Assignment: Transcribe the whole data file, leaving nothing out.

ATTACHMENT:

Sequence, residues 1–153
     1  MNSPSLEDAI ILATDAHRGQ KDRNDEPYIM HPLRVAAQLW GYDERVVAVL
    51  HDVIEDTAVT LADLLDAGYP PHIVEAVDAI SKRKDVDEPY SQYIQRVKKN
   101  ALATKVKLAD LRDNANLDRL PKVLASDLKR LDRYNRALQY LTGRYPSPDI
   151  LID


Sequence, residues 1–153
     1  MNSPSLEDAI ILATDAHRGQ KDRNDEPYIM HPLRVAAQLW GYDERVVAVL
    51  HDVIEDTAVT LADLLDAGYP PHIVEAVDAI SKRKDVDEPY SQYIQRVKKN
   101  ALATKVKLAD LRDNANLDRL PKVLASDLKR LDRYNRALQY LTGRYPSPDI
   151  LID